Some of the biggest brands in the US pulled hundreds of millions of dollars of advertising from Google and YouTube last night as the scandal over extremist content reached the internet giant’s home country.
Last night Johnson & Johnson, the US pharmaceutical multinational, became the latest brand to pull its advertising from YouTube. Verizon, the mobile phone operator and fifth- largest US advertiser, AT&T, the world’s largest telecoms company, Enterprise, the world’s biggest car rental company and GSK, the British pharmaceutical company with a strong US presence, all suspended advertising on Google’s video platform after The Times discovered that they were promoted next to extremist content.
More than 250 organisations including the British government, Toyota, Tesco and McDonald’s have already stopped UK advertising on YouTube after an investigation found that they were promoted on videos posted by hate preachers, rape apologists and extremists banned in Britain.
“This has ramifications across the digital advertising market,” Brian Wieser, a US media analyst, said. “Google don’t seem to fully comprehend the scale of concern. The scrutiny is now going to be substantially greater.”
Verizon, which spent $2.5 billion on US adverts in 2015, suspended its entire digital advertising operation after learning that its brand appeared on YouTube videos posted by Wagdi Ghoneim, an Egyptian cleric suspected in the US of illegal fundraising , and Hanif Qureshi, whose teachings inspired the assassination of a Pakistani politician.
“Everyone involved in this new age of digital advertising needs to do more,” a company spokesman said.
Although Google disabled advertising on Ghoneim’s YouTube page for UK brands, it appears to have allowed US commercials to continue to play there. Ghoneim, whose YouTube videos have been seen 31.4 million times, is likely to have received substantial revenue from the site, which typically pays out £6 every 1,000 times an advert is viewed.
AT&T also removed all Google display advertising yesterday, saying it was deeply concerned that its commercials appeared on extremist videos including one promoting the extremist Animal Liberation Front. AT&T adverts were also placed on YouTube videos showcasing an Islamic State flag and another broadcasting the sermons of Anwar al-Awlaki, a senior al-Qaeda recruiter killed by a US drone strike in 2011.
“Until Google can ensure this won’t happen again, we are removing our ads from Google’s non-search platforms,” an AT&T spokesman said.
Enterprise and GSK also pulled all YouTube advertising in the US after appearing on videos posted by Ghoneim. In total, a 48-hour analysis by The Times found 28 big US companies advertised alongside hate content.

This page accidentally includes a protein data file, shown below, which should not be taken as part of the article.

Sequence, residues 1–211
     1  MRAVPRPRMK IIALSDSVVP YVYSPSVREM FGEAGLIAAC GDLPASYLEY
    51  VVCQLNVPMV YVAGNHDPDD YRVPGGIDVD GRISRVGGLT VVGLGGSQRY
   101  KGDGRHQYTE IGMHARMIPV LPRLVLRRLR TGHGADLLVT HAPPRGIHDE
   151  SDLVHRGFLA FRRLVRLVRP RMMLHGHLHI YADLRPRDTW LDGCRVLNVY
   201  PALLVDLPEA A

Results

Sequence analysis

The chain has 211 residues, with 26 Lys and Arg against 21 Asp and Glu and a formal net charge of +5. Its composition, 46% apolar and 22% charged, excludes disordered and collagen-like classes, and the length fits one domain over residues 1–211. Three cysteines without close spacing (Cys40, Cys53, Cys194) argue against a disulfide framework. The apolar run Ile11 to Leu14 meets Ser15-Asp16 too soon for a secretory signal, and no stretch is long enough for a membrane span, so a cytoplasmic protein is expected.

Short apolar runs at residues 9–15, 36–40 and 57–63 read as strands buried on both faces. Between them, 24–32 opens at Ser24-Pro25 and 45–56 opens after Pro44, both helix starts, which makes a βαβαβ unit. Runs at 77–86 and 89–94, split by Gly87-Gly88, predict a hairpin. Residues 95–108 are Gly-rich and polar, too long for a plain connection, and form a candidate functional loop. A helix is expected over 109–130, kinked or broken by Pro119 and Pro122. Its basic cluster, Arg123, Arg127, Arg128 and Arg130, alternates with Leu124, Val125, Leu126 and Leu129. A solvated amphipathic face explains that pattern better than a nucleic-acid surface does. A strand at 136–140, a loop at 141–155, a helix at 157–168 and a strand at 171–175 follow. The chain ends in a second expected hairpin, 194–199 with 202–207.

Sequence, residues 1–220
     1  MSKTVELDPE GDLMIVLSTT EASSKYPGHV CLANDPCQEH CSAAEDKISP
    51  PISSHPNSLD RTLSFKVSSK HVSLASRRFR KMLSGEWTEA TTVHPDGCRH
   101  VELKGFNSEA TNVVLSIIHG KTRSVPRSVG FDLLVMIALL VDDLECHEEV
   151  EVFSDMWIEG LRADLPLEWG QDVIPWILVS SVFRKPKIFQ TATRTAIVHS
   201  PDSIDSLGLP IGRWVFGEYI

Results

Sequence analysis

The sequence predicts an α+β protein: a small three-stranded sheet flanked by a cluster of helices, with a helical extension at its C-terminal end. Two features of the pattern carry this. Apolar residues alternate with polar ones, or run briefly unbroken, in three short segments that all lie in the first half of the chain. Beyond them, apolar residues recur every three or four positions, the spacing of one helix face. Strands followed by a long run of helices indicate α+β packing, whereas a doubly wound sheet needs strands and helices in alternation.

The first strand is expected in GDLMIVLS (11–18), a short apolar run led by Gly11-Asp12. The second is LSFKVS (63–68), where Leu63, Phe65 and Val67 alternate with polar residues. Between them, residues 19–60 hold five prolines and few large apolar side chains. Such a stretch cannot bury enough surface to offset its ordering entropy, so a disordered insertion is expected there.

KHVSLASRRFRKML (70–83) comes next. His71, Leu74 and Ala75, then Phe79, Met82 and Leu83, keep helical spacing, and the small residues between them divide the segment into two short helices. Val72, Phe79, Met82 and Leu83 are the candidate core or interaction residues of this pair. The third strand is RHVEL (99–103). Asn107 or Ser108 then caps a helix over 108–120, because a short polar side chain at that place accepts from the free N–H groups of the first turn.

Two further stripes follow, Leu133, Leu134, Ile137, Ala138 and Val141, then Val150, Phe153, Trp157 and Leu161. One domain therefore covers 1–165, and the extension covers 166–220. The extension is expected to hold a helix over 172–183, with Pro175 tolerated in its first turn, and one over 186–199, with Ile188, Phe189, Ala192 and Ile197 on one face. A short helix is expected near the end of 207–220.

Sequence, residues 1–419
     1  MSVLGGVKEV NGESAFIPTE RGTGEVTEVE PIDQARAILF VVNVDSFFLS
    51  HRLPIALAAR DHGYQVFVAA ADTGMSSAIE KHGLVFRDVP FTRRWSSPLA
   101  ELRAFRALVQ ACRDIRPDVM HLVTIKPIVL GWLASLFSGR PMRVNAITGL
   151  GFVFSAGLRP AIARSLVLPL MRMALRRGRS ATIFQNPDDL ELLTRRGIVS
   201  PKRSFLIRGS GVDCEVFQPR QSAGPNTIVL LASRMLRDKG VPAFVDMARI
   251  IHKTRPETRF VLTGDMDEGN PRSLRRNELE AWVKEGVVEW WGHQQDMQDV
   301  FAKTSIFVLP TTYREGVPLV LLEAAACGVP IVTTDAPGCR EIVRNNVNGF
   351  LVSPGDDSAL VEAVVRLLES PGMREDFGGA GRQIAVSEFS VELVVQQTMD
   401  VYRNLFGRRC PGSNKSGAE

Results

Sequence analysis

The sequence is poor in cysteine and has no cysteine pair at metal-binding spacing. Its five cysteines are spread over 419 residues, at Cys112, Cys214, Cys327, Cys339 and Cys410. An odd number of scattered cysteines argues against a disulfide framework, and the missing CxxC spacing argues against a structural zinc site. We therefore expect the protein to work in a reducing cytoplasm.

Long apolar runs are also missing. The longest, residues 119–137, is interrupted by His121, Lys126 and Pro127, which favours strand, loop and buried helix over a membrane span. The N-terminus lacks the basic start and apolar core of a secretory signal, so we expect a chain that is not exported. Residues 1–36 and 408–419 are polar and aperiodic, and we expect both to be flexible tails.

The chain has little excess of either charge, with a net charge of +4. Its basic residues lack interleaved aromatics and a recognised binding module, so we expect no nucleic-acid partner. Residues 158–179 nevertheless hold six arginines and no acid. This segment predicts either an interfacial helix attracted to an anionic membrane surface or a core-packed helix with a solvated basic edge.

“It appears technology has gotten ahead of the advertising industry’s checks and balances,” an Enterprise spokeswoman said, referring to complex digital tools used by media agencies to target potential customers wherever they browsed on the web. A GSK spokeswoman said it had raised concerns directly with Google and would continue to work with them to develop adequate safeguards.
Johnson & Johnson said that it was taking the matter very seriously. A spokesman added: “We have made the decision to pause all YouTube digital advertising globally to ensure our product advertising does not appear on channels that promote offensive content.
“We will continue to take every measure to ensure our brand advertising is consistent with our brand values.”
Other brands advertised on extremist videos include KFC, the fast food group, and Beam Suntory, the maker of Jim Beam whiskey. Beam Suntory said it was suspending all YouTube advertising. KFC said that it was urgently reviewing its position.
Some of the videos identified by The Times had been posted years ago, raising questions about Google’s ability to take down hate content. A video promoting the Animal Liberation Front showing pictures of masked men holding animals with the phrase “Until every cage is empty” was posted in September 2011. Walmart, the US retailing giant whose ads appeared on ALF videos, declined to comment.
On Tuesday, Philipp Schindler, Google’s chief business officer in the US, apologised to advertisers for placing their brands next to extremist content. The company said it had begun an extensive review of advertising policies.
HOW THE TIMES BROKE THE STORY
February 9 The Times reveals that Mercedes Benz, Waitrose and Marie Curie are among brands to have unwittingly funded extremists by advertising on their websites. Industry insiders accuse big media agencies of pushing clients into digital advertising to boost their own profits
February 10 Charities and universities are shown to be among dozens of publicly funded organisations funding fake news, as their adverts appear on false or outrageous websites. Fashion retailer J Crew, Argos, Mini, Topshop and Dropbox are found advertising on piracy websites
March 16 Government suspends YouTube advertising after The Times finds its ads on videos posted by rape apologists and hate preachers. Sainsbury’s, Argos, Transport for London, The Guardian, L’Oréal also pull ads
March 17 Havas, the world’s sixth largest advertising agency, pulls 240 UK clients out of Google, which announces a review of its advertising policies
March 18-19 M&S, Lloyds, RBS and HSBC join boycott
March 20 Volkswagen, Toyota and Tesco, ITV, Aviva and Heinz all suspend YouTube ad deals. Matt Brittin, Google’s European head, apologises to all the brands affected
March 22 Boycott moves to the US